An alternative to the ‘home country physical presence’ requirement is the J-1 Waiver. When you secure a J-1 visa waiver, you will be placed on an H-1B visa while you serve the three-year waiver terms in the US. The H-1B that you will be placed on during this time is not subject to the annual H-1B visa cap. Once you have completed your three-year service commitment in the Interested Government Agency (federal and state) waiver programs, ownership of the J-1 waiver and concomitant H-1B cap exemption belong to the J-1 physician regardless of the status of the next employer.

3. Other Visa Strategies:
You can also apply for other visa types like the F-1 (full time students), O-1 (exceptional ability, which generally requires demonstration of multiple publications as first or last author). This could give you the ability to remain in the US. so you have more time to plan your next steps. You are still required to complete the ‘home physical presence’ requirement or the J-1 waiver before you can move to a visa that allows you to apply for a Green Card.

4. Hardship and Persecution Waivers:
Two types of waivers which do not require employer sponsorship are the hardship and persecution waivers. If eligible, these waivers may be requested by the physician at any time during training and is a self-petition.

The best strategy depends on the individual and their set of priorities (eg, job requirements, location requirements, family responsibilities, J-1 visa holder’s available time to apply, employing institution’s strategy for hiring visa holders).


Step 2: Thoroughly investigate the requirements of available state and federal programs

The most popular state and federal programs used by graduating physicians to secure these J-1 waiver positions in the US are:

  1. The Conrad 30 program (notable differences in the way it is run by each state)
  2. The Delta Regional Authority (DRA) (
  3. The Appalachian Regional Commission (ARC) (
  4. Southeast Crescent Regional Commission (SCRC) (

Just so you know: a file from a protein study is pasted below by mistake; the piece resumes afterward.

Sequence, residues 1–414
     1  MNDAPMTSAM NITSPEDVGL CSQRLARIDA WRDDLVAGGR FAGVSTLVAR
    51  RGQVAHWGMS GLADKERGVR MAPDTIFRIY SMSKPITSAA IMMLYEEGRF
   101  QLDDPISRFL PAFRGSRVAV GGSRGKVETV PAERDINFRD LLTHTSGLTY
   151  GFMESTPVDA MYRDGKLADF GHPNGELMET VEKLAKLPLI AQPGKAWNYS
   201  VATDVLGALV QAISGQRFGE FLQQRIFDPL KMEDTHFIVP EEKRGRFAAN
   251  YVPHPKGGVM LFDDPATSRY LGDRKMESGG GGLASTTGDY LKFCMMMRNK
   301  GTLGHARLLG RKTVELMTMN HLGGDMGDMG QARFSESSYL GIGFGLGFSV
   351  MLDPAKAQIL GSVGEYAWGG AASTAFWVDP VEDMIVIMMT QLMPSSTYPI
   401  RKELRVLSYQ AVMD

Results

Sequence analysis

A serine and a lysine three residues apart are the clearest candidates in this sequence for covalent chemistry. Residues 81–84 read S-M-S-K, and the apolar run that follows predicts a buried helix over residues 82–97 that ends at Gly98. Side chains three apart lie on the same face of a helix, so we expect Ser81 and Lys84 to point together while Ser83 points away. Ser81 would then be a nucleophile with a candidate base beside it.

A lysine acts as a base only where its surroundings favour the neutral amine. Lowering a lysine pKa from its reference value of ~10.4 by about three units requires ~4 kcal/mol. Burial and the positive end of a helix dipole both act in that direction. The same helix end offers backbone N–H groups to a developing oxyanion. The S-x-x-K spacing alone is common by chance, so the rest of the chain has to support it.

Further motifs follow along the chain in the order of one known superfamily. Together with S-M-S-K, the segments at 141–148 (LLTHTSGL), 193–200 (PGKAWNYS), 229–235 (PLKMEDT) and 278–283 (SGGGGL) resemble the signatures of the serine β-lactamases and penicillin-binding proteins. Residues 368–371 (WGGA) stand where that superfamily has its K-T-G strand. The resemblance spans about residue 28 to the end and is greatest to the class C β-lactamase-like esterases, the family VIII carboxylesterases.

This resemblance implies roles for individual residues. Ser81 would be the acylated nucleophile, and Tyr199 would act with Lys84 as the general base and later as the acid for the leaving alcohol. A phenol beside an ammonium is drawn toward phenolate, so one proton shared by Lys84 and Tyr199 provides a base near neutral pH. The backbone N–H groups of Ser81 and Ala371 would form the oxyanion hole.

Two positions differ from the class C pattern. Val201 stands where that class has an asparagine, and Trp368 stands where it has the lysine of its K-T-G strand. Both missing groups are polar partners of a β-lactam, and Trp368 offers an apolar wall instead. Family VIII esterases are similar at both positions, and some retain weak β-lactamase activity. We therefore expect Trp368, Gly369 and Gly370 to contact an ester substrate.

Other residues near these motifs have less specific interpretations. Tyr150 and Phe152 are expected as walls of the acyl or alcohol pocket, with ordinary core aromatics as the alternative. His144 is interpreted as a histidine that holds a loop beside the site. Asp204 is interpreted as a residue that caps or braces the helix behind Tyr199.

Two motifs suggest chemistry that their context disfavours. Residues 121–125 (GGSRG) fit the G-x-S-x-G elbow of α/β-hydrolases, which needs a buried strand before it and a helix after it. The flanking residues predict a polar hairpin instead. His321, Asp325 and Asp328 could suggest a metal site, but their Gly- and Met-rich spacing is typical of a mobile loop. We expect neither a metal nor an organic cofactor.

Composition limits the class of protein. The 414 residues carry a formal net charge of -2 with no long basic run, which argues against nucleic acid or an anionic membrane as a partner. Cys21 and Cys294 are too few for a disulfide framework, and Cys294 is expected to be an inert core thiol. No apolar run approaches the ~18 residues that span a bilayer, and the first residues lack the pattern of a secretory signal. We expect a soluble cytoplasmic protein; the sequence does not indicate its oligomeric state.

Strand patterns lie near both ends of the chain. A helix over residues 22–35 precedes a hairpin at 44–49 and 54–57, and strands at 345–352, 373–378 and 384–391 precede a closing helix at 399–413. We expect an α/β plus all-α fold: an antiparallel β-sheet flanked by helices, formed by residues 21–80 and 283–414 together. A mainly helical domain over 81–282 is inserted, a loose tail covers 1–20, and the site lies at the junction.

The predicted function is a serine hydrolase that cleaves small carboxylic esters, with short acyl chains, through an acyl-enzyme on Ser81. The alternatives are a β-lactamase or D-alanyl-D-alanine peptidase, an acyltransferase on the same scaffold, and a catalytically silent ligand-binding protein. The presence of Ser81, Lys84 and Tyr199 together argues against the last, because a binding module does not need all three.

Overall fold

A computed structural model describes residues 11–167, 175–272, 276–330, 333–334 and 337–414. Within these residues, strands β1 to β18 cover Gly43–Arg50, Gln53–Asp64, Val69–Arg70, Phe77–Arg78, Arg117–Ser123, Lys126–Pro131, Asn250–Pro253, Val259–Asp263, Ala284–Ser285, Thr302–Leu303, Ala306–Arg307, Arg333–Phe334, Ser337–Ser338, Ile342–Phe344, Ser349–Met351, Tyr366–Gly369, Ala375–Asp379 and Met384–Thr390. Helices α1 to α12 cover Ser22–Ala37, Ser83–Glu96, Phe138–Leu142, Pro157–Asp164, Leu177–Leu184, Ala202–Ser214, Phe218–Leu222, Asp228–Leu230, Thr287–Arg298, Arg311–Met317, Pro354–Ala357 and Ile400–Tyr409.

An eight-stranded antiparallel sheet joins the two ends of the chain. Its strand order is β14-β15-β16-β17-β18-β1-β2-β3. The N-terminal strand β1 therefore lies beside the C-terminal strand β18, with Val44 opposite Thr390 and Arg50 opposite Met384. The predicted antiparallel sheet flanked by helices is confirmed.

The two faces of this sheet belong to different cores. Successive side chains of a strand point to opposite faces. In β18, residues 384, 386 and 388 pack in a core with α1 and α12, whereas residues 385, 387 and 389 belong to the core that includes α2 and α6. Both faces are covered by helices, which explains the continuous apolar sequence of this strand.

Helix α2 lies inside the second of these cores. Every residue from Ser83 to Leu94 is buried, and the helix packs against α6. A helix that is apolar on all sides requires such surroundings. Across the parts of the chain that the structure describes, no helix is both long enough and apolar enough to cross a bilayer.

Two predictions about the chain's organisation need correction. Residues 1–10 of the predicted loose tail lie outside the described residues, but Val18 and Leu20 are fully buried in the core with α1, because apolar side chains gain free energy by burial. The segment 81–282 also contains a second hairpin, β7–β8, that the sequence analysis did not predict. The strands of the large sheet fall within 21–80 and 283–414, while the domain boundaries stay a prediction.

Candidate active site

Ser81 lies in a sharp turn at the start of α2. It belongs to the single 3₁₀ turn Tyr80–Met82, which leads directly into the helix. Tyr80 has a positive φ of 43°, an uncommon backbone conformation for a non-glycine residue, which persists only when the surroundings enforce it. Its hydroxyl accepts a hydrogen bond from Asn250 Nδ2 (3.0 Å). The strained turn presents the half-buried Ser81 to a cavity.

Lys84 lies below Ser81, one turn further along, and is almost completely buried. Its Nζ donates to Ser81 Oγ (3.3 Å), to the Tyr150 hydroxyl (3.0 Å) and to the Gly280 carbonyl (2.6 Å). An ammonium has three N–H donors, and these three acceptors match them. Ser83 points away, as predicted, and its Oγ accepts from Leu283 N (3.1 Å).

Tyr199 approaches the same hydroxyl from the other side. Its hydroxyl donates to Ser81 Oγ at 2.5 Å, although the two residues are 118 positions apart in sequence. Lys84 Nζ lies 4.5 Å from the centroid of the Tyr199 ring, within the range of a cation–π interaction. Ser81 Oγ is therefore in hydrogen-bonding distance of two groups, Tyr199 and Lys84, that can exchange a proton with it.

5. Institutions under the Department of Veterans Affairs

These programs were initially created to help fill the need for physicians in medically underserved areas. The waiver programs most commonly use terms like Health Professional Shortage Area (HPSA), Medically Underserved Area (MUA), Medically Underserved Population (MUP), Mental Health Professional Shortage Area (MHPSA), to describe areas of need. ( These terms are only mentioned here, so you are familiar with them because they come up often when you are researching specific program requirements.

J-1 physicians who wish to waive their ‘home physical presence’ requirement, are encouraged to work in such designated areas with a greater need for healthcare professionals. Under the Conrad 30 program, many states have FLEX waiver spots for physicians agreeing to work in areas which are not designated as underserved, but serve individuals residing in neighboring underserved communities. Applications must be submitted by an employer. Depending on which program you apply through, each state has a fixed number of primary care and subspecialty positions and the split varies by state and by program.

The federal agencies which sponsor waivers, the ARC (HPSA areas only), the DRA and the SCRC are open year-round and can sponsor an unlimited number of waiver jobs within their geographic areas. There are no FLEX slots for federal waivers.

Caution: several websites host good information about each state’s Department of Health office but some information can be outdated. Be sure to call and verify or look for other sources if you are not receiving a response to your email queries.


Step 3: Understand timing